What killed Jesus was not irreligion, but religion itself; not lawlessness, but precisely the Law;
not anarchy, but the upholders of order.
It was not the bestial but those considered the best who crucified the one in whom divine Wisdom was visibly incarnate.
~Walter Wink

The Sermon on the Mount – 3: You’re Accepted. Do Something.

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CLICK HERE to read all of Matthew 5 before beginning this session.

CLICK HERE to read basic assumptions about studying the Sermon on the Mount before beginning this session.

CLICK HERE to read the previous section in this series on the Sermon on the Mount before beginning this session.

There were two dominant battle-cries of the Protestant Reformation:  1) sola Scriptura (only Scripture, which we will discuss in our next segment); and 2) sola fides (only faith).  The basic idea of sola fides is that one finds salvation (a topic to be more fully defined at another time) only by faith, not by works.  Passages like Galatians 2:16 were used as support for this idea.  This has morphed into the idea that if I have or accept the correct doctrine I have salvation (usually oversimplified to mean going to heaven) – I have been accepted by God.  Thus, I find salvation and acceptance with God through what I believe or think about God, Jesus, the Holy Spirit, etc.  Therefore, I don’t have to do anything to be Christian; I just have to cognitively accept a particular doctrine.  Very early on, I believe the author of the book of James saw the danger of this concept leading that person to write, “Faith without works is dead.” (James 2:17; 26)

Part of the problem is that people forget that Paul didn’t say one is not justified by “works” but “works of the law.”  Just reading Philippians 2 or 1 Corinthians 12-13 ought to make us see that Paul thinks we should do works.  As we begin to see now in the Sermon on the Mount, Jesus is clear that we are to be about works.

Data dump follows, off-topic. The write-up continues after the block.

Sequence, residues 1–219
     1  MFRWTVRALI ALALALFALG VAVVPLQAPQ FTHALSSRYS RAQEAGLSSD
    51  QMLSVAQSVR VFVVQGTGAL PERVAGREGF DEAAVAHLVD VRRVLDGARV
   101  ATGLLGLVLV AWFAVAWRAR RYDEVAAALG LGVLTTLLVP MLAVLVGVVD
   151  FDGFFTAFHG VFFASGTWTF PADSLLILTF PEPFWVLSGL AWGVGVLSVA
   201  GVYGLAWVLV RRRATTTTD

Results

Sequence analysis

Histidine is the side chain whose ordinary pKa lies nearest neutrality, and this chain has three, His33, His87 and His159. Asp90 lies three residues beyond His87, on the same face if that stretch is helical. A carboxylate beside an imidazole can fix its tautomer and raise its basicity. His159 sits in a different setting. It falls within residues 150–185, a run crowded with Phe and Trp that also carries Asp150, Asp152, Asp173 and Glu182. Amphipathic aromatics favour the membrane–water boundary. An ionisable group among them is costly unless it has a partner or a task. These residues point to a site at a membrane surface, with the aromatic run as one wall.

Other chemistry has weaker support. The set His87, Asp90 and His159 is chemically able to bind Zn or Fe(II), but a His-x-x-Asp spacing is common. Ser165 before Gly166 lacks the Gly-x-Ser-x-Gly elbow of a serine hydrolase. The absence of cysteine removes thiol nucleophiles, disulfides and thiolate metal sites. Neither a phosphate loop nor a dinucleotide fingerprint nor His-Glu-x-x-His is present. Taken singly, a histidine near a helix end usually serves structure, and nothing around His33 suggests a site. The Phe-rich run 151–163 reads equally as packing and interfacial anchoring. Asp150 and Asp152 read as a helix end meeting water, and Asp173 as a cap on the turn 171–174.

In the Congratulations (aka Beatitudes) that begin the Sermon on the Mount, I think we hear Jesus say, “Guess what!  Those of you who don’t think God accepts you just as you are: hear the good news.  You area already accepted!  You have the kingdom, comfort, the earth, mercy, etc!”  Then in verses 13-16, Jesus says, “Now that you know you are accepted, do something that shows you are!”

13 “You are the salt of the earth; but if salt has lost its taste, how can its saltiness be restored? It is no longer good for anything, but is thrown out and trampled under foot.

14 “You are the light of the world. A city built on a hill cannot be hid. 15 No one after lighting a lamp puts it under the bushel basket, but on the lampstand, and it gives light to all in the house. 16 In the same way, let your light shine before others, so that they may see your good works and give glory to your Father in heaven.

Matthew 5:13-16 (NRSV)

In talking of salt, we shouldn’t think that the idea is that somehow there is a miraculous, chemical change of the salt into something that is not salty.  Rather, the point is likely about salt becoming diluted with impurities.  If you accidentally pour pepper into your salt shaker at home, are you really going to take the time to separate each grain of salt from pepper, or will you toss it all out and start over?

Thus the point of this aphorism is similar to Matthew 5:8, “Blessed are the pure in heart [those with a single-minded devotion to God], for they will see God.”  If our purpose, calling, or very being becomes diluted to the point that we lose our understanding of our identity – our acceptedness by God – what good are we in the Kingdom?

Verses 14-16 are very clear.  Unlike the words attributed to Jesus in John 8:12 where he is noted as say, “I am the light of the world. . . ,” here we see Jesus say, “YOU are the light of the world.  You have a responsibility to share your light with others – THROUGH YOUR GOOD WORKS!”  When we share our good works by doing them out in the open – being the people God created us to be and doing what God created us to do – we shed our light on others who hopefully realize they can – and have the responsibility – to share their light, their good works for the good of others and God’s kingdom!

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